FRANKFORT, Ky. (AP) — Legislative Republicans who expanded their supermajorities in last month’s election were given a mandate by Kentucky voters to put limits on the Democratic governor’s executive powers in times of emergency, a leading GOP lawmaker said Wednesday.
Senate Republican leaders outlined the main issues awaiting them when the General Assembly convenes in January for a 30-day session. Passing another state budget tops the agenda, but a debate about limiting the scope of a governor’s emergency powers will be a priority, too.
Kentucky’s response to the coronavirus threat “pointed out holes” in state laws and the constitution, Senate Majority Floor Leader Damon Thayer said. Last month’s election — when Republicans expanded their lopsided majorities in the House and Senate — was a “cry for help” from Kentuckians responding to some of Gov. Andy Beshear’s virus-related actions, he said.
“I think Kentuckians sent a message on Election Day that they want Republicans to lead and lead with authority and to lead quickly to limit executive branch powers in the time that we’re in,” Thayer said. “And they are very upset with a lot of decisions made by Gov. Beshear and they want to trim the sails, so to speak, of the executive branch. Not just of this one but all governors in the future.”
The push to rein in the governor’s authority represents something of a turnabout from the position Republican lawmakers generally took with Beshear’s predecessor, GOP Gov. Matt Bevin, when they largely stood by as he wielded his gubernatorial powers. But Bevin didn’t confront a crisis on the scale of the global pandemic during his one term in office.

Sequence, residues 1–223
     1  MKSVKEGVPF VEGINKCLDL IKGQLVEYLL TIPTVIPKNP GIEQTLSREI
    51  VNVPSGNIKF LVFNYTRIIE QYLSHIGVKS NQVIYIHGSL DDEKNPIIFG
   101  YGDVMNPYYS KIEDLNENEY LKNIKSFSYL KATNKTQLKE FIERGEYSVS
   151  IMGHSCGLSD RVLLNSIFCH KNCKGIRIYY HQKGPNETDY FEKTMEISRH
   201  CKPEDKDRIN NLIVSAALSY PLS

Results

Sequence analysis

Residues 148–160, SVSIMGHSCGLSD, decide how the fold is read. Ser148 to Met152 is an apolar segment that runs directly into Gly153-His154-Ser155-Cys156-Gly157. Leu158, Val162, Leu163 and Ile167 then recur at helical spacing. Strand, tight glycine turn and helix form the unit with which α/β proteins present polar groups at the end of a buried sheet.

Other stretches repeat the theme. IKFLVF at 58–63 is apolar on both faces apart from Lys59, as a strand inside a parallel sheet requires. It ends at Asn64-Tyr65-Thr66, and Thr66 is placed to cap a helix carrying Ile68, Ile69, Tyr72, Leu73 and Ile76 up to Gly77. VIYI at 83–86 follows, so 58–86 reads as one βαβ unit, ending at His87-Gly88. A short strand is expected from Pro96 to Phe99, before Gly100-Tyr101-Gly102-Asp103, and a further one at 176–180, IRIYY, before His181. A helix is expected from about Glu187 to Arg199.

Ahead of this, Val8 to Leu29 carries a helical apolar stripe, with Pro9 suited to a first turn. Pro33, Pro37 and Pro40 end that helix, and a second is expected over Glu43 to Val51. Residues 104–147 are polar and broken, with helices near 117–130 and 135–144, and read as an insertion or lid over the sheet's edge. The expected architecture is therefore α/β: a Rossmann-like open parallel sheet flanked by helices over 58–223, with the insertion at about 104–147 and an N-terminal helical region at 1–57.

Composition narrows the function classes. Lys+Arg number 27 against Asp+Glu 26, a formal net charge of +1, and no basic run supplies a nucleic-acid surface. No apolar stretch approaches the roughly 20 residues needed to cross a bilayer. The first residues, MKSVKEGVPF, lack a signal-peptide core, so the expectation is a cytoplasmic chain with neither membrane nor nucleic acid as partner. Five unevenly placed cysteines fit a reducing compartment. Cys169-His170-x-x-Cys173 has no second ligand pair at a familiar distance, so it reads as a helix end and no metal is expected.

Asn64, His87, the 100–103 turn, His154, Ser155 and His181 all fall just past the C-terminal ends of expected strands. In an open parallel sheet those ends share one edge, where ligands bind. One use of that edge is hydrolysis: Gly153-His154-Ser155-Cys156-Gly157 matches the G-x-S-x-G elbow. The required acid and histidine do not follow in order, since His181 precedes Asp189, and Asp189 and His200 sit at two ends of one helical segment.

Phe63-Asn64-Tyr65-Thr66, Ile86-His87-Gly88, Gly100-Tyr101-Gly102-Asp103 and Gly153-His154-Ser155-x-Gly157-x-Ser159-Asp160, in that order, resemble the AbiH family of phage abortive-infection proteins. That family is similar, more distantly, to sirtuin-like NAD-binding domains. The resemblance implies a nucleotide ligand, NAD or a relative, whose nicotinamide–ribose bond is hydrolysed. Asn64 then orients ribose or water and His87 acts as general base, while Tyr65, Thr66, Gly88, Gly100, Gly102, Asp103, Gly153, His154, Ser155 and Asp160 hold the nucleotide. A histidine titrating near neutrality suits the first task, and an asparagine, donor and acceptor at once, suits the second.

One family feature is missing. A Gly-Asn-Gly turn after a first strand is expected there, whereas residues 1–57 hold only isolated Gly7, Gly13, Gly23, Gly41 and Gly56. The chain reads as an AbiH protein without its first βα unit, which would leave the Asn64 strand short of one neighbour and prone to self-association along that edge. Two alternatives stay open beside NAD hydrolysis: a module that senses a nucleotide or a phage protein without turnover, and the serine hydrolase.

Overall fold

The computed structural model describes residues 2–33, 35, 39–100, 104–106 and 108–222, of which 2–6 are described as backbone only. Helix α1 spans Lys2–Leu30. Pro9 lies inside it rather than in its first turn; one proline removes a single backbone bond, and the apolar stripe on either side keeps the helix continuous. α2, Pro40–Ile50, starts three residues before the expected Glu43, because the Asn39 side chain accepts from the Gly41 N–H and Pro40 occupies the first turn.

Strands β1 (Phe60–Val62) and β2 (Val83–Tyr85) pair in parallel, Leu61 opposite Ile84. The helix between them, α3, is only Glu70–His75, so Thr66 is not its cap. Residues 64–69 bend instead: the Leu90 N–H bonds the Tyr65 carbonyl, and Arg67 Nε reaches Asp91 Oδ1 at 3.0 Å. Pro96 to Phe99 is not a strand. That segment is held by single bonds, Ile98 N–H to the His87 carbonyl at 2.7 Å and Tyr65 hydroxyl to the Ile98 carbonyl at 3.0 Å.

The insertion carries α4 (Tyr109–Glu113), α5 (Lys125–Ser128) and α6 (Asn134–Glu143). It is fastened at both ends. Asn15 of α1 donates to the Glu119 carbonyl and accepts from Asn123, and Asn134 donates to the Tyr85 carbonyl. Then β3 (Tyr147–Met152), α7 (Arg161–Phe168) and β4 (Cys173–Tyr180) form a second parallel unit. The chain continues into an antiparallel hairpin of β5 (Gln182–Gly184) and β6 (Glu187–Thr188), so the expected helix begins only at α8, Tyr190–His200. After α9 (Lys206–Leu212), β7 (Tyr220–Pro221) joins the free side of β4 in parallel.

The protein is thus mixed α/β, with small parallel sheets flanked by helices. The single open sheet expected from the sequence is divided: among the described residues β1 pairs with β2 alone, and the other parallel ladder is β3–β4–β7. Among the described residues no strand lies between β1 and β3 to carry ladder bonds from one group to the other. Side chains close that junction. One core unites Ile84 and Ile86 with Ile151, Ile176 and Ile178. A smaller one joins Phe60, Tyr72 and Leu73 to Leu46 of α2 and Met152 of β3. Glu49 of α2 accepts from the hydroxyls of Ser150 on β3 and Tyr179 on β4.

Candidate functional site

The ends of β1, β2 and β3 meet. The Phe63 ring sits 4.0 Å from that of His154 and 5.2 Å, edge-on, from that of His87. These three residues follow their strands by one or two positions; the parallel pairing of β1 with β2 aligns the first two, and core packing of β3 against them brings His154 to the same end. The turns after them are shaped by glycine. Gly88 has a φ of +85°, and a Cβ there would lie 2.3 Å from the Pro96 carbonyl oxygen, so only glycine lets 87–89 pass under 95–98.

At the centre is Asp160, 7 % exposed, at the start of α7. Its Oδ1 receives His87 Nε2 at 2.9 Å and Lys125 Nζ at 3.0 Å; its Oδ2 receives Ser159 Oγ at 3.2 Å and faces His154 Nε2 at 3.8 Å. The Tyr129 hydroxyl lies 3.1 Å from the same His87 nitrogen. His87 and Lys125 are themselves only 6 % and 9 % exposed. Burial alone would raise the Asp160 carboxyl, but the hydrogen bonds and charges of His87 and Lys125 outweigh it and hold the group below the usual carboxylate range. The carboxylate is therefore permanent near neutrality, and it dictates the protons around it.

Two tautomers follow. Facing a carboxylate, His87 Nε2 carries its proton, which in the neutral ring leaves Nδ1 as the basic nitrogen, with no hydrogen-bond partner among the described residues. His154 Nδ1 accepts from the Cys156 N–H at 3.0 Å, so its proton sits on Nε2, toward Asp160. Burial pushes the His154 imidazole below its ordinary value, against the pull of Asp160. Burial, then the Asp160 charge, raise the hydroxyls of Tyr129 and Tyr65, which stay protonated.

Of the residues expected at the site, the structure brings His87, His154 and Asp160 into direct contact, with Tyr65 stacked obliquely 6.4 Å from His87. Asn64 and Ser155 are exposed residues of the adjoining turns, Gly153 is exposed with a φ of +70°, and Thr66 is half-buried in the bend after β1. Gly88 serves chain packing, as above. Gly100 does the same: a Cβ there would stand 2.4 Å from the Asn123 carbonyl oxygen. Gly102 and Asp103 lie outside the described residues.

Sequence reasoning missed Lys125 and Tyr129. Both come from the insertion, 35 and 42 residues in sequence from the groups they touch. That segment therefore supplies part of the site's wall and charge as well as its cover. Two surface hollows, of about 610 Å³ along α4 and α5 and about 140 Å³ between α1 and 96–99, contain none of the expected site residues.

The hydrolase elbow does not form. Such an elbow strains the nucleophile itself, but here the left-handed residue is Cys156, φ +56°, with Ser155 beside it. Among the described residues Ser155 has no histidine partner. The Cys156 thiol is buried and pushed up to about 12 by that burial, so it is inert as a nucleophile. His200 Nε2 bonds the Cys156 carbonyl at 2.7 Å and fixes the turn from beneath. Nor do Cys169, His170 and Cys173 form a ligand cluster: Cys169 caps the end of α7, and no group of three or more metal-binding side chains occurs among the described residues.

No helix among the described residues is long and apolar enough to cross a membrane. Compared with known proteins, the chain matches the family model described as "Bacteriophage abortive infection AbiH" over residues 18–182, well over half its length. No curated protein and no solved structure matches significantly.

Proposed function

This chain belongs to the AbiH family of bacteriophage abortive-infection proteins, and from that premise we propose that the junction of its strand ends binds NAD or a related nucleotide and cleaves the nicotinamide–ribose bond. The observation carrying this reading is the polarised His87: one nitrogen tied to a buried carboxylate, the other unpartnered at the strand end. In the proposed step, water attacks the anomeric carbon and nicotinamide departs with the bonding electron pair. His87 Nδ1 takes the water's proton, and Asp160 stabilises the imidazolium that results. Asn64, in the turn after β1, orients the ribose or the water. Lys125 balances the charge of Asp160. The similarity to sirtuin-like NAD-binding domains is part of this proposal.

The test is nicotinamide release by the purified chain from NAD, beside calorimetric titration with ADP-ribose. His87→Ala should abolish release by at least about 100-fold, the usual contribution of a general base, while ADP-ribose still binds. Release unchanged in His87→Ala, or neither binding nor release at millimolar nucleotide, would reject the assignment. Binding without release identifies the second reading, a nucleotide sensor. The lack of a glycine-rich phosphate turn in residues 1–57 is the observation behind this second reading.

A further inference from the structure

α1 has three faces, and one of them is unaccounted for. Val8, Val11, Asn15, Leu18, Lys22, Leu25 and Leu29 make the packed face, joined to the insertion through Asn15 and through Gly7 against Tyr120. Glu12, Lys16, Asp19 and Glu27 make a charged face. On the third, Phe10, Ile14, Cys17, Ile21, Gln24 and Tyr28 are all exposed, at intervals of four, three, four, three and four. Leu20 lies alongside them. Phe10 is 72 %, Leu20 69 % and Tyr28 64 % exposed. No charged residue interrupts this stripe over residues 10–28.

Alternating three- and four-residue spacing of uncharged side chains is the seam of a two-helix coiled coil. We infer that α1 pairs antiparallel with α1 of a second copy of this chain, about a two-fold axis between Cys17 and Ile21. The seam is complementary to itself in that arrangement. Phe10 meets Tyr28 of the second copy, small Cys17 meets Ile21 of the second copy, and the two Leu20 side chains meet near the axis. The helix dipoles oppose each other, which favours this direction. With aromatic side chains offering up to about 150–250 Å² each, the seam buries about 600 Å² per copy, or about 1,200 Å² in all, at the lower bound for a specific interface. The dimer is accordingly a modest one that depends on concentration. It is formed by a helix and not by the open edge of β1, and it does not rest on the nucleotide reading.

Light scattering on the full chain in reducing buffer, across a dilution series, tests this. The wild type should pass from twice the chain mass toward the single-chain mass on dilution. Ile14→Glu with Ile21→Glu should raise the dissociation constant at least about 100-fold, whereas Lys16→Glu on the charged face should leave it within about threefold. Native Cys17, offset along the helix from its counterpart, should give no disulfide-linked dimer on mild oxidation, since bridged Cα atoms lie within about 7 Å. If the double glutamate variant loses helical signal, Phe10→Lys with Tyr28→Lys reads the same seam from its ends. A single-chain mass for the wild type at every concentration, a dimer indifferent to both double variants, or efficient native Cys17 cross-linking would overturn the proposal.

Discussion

As Kentucky was hit by waves of COVID-19 surges, Beshear ordered restrictions on economic activity and public gatherings and halted in-class school instruction to try to contain the virus’s spread. The governor says his actions have saved thousands of lives.
GOP lawmakers will consider legislation that includes giving them a place at “the table to discuss when a state of emergency should be extended and for how long it should be extended,” Thayer said. They have criticized the governor for not consulting them on virus-related actions.
Beshear spokeswoman Crystal Staley responded that it’s “unfortunate” the governor is being attacked while he’s “focused on defeating COVID-19 and saving lives.”
“The next session should be about providing relief to individuals and businesses and investing in ways that create jobs and additional opportunities for Kentuckians,” Staley said. “This session can set Kentucky up to be a leader as we emerge from this pandemic. The Senate majority will have to choose whether it wants to partner with the governor … or simply fight him.”